About: Manhunters: How We Took Down Pablo Escobar, the World’s Most Wanted Criminal by Steve Murphy and Javier F. Peña is a memoir of the two Drug Enforcement Administration (DEA) agents who spent decades hunting drug traffickers. The two authors are the subject of the Netflix show Narcos, which follows their hunt for Pablo Escobar […]

Book Review: Alexander Von Humboldt by Maren Meinhardt

Book Review: Alexander Von Humboldt by Maren Meinhardt

This is a very readable book, exposing people to the “most celebrated scientist of the 19th century”.

Fun Facts Friday: C.S. Lewis

Fun Facts Friday: C.S. Lewis

Donating all the proceeds from his books to Christian charities, left Mr. Lewis struggling to pay the large tax bills.

Book Review: Agent Jack: The True Story of MI5’s Secret Nazi Hunter by Robert Hutton

Book Review: Agent Jack: The True Story of MI5’s Secret Nazi Hunter by Robert Hutton

The book is expertly researched with extensive notes and bibliographical information. There are many photos and illustrations throughout as well as a list of characters to make it easier to follow.

Book Review: A Futile and Stupid Gesture by Josh Karp

Book Review: A Futile and Stupid Gesture by Josh Karp

Attempts, and I believe succeeded, to capture the personality and intelligence of Mr. Kenney, even though, it seems, he was not aware of  his own comedic brilliance.

Fun Facts Friday: George Eliot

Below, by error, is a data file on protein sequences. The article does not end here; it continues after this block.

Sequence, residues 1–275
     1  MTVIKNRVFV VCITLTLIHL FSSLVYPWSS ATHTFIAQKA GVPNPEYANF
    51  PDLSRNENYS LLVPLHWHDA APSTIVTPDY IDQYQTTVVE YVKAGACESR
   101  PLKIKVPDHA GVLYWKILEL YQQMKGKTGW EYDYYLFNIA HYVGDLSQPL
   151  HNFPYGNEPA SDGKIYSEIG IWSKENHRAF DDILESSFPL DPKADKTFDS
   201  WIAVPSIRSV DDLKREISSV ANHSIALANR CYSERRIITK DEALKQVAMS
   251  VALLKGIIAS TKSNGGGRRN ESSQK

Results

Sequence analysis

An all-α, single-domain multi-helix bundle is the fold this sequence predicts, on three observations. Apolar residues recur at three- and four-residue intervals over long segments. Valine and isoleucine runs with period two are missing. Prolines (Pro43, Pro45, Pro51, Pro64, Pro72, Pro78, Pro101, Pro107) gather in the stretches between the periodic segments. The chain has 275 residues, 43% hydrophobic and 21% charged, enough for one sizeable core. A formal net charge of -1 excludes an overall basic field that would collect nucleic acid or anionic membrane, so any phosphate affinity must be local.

Fun Facts Friday: George Eliot

Eliot’s scandalous personal life clouded her reputation even after her death. Despite her literary achievements, Eliot was not allowed a memorial stone in Westminster Abbey’s Poets’ Corner. She finally received recognition there in 1980, one hundred years after her death.

Book Review: Fortune’s Child: A Novel of Empress Theodora by James Conroyd Martin

Book Review: Fortune’s Child: A Novel of Empress Theodora by James Conroyd Martin

We follow Theodora through childhood, daughter to window trying to make ends meet. Teenage and adulthood where the beautiful woman finds the bug of acting, but does not shy away from prostitution. She ties her fortunes to an upperclassman who has been given a governorship in Africa, but quickly finds out that meddling in affairs of the state will not earn her any friends.

Book Review: Justice in the West Bank? by Yonah Jeremy Bob

Book Review: Justice in the West Bank? by Yonah Jeremy Bob

I really enjoyed that the author concentrated on several personalities in the system, and their interaction on high-profile cases, some which changed the way the courts worked. It is an eye opening, balanced account in which Israeli and Palestinian lawyers, as well as IDF judges sometime find themselves at odds with the security apparatus.

Fun Facts Friday: Gerhart Hauptmann

Fun Facts Friday: Gerhart Hauptmann

Gerhart Hauptmann’s first novel, The Fool in Christ, Emanuel Quint, was published in 1910. In 1912 he published the fictional book Atlantis which became a Danish silent film.  The novel told of a romance aboard a doomed ocean liner and was coincidentally written one month before the RMS Titanic sank, but released about a year later. Perceived as insensitive, the film was banned in Norway.